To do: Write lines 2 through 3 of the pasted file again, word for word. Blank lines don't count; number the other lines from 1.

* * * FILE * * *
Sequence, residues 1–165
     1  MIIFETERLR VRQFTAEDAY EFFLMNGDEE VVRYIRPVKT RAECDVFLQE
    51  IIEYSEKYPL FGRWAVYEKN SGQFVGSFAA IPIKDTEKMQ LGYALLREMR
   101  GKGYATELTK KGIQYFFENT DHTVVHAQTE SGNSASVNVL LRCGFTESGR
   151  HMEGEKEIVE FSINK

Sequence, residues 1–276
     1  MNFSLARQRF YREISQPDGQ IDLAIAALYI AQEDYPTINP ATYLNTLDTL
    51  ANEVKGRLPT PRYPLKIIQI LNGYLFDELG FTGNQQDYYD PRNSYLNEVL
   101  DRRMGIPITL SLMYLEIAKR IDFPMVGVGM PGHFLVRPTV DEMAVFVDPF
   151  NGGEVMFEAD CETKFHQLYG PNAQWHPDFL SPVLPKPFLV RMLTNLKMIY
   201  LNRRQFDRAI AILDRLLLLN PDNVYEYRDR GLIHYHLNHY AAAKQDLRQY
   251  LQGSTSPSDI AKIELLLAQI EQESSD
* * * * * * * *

     1  MIIFETERLR VRQFTAEDAY EFFLMNGDEE VVRYIRPVKT RAECDVFLQE
    51  IIEYSEKYPL FGRWAVYEKN SGQFVGSFAA IPIKDTEKMQ LGYALLREMR